A quiet bohemian resort near Spain’s border with France, white-washed Cadaquès is a Mediterranean postcard come to life. A former fishing village is now known as an artists’ hotspot, Cadaquès was the stomping ground of Salvador Dalí and has hosted the likes of Pablo Picasso, Joan Miró and Man Ray. Its allure is obvious: pale jagged cliffs form the shoreline, sailboats and fishing boats dot the sea, gentle waves lap at pebbly beaches, and low white buildings huddle together in the knot of a town center. In the village itself, narrow cobblestone lanes run alongside balconies brimming with bright geraniums. At the heart of town is the village church, which stands like a watchtower overlooking the sea.
Cadaquès sits on a sweeping natural bay at the northernmost reaches of the Costa Brava, a stretch of coastline considered one of Spain’s top seaside destinations. Among the many resort towns in the area, this is one of the few that has managed to avoid excessive tourism and retain its sleepy air. Perhaps the masses have been kept away by the fact that pebbly shores take the place of a long sandy beach, and that the trip here involves a long, curvy highway. Those who do make the effort to come are rewarded with lovely sea views and an energetic town life brimming with galleries, shops, and cafés.
This area is famous as being artist Salvador Dalí’s home for half a century. Portlligat, a hamlet, is a 15-minute stroll from Cadaquès, was the surrealist’s base from 1930 until 1982. More than merely a house, the home he shared with his muse and lover Gala is a labyrinthine collection of fishermen’s huts that Dalí joined and re-decorated over the years, converting them into an enormous work of art. Today, the Casa Dalí is open for visits and is a must-see for anyone visiting Cadaquès.
Cadaquès is also a hot spot for outdoor activities like hiking, canoeing, biking, sailing, scuba diving, and summertime beach bathing (although the rocky coast often means that strolling is more enjoyable).
Gastronomy & Wine
Stretching away from Cadaquès is the small wine-making DO of Empordà-Costa Brava. Running along the French-Spanish border and down the rocky Mediterranean coast, this is an experimental region where everything from Carieña rosé wines (the traditional wine made here) to Tempranillos, Cabernet Sauvignons, Chardonnays and Syrahs are made. The best-known winery is Castillo Perelada, a modern winemaking facility that also includes a lovely ancient castle, restaurant, hotel, and wine spa. Other notable Empordà-area wineries include Castillo de Capmany, Masia Serra, Oliveda, and Pere Guardiola.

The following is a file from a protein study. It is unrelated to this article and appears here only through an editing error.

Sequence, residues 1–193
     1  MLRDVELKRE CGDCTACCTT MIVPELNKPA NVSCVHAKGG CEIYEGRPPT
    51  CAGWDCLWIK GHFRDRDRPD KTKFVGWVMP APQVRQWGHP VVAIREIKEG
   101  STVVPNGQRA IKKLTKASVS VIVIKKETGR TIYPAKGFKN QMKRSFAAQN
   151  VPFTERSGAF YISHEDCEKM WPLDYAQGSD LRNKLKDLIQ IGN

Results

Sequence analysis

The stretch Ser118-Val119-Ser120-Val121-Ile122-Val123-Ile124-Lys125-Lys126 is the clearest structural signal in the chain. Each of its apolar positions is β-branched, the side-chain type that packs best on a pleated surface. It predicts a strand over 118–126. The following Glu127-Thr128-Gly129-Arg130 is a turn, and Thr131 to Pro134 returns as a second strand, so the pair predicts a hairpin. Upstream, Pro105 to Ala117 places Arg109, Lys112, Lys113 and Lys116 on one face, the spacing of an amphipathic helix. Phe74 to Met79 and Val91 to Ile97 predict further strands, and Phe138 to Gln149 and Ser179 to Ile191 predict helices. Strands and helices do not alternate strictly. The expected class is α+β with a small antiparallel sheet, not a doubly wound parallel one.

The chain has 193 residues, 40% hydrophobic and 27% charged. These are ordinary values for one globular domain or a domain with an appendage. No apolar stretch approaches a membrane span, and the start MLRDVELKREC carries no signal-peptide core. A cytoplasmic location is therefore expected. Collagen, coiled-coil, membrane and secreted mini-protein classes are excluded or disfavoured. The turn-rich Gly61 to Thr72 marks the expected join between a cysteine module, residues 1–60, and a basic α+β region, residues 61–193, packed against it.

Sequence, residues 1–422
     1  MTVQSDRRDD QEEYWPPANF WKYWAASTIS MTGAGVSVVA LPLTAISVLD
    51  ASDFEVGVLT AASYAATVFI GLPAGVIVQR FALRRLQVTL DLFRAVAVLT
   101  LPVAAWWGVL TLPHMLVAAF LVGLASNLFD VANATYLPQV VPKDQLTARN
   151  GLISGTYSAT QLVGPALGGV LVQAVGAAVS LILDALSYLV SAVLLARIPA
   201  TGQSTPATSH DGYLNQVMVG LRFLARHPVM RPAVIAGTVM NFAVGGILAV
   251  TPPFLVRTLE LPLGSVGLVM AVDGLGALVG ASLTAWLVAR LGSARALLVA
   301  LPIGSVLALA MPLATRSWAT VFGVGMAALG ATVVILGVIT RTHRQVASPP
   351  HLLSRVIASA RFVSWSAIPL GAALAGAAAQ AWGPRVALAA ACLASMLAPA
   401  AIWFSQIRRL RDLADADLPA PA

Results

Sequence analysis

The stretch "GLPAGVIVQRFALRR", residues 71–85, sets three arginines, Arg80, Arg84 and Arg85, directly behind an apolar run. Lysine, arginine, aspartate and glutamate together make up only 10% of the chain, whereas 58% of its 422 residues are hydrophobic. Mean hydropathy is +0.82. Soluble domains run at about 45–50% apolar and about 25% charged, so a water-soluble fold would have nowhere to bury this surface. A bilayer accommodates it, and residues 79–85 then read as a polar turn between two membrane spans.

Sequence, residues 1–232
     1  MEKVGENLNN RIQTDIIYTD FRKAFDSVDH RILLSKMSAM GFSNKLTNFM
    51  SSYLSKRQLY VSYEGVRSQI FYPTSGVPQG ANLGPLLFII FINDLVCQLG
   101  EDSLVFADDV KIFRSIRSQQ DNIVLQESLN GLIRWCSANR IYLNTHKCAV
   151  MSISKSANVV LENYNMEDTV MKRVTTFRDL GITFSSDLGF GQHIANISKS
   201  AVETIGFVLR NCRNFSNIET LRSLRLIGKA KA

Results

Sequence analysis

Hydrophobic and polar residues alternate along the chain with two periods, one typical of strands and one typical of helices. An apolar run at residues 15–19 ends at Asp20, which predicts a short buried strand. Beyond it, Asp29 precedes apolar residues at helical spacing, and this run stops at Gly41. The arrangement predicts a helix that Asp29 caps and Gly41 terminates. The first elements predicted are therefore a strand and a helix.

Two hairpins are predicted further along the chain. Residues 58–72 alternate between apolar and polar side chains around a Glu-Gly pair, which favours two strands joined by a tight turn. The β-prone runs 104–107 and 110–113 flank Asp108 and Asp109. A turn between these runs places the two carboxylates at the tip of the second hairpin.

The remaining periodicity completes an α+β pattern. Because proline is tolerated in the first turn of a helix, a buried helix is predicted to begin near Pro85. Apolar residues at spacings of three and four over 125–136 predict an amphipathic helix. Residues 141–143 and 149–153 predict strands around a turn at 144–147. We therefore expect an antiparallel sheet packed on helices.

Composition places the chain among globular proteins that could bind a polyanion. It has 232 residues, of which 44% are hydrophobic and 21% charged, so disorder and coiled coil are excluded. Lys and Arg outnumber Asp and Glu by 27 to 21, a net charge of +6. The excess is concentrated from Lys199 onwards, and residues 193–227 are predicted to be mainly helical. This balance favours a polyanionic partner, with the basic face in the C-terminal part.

Cap de Creus
Encircling Cadaquès like a blanket is the protected natural park of Cap de Creus, one of the largest parks in Catalunya. Including the rugged hills surrounding Cadaqués as well as a large swath of coastline, the park protects both marine and land flora and fauna. This is a wonderful area for hiking and scuba diving.
Pere de Ribes Although it’s been 200 years since the Sant Pere de Ribes monastery housed monks, the retreat’s millennium-plus-long history and quiet holiness still haunt the air. Monks believed Saint Peter’s (he of Pearly Gate fame) skull and right arm are hidden in a cave somewhere on the mountain near the monastery, making the site holy. The monastery is located within the Cap de Creus natural park.
Port de la Selva
Just down the coast from Cadaquès sits this quaint fishing village, where fishermen still mend their nets by the sea and fishing boats often outnumber pleasure boats in the water. The gateway to the Cap de Creus natural park, Port de la Selva also boasts wonderful seafood restaurants and a long, pretty beach.
A mere 1.5km from Cadaquès, in a fishing hamlet called Portlligat, lies the whimsical and maze-like house of surrealist artist Salvador Dali, who lived here with his muse and lover Gala until 1982. Artwork-in-progress, fanciful sculptures, unique design elements, and furniture and accents designed by Dalí fill the house, making this one of the top sights in Cadaquès.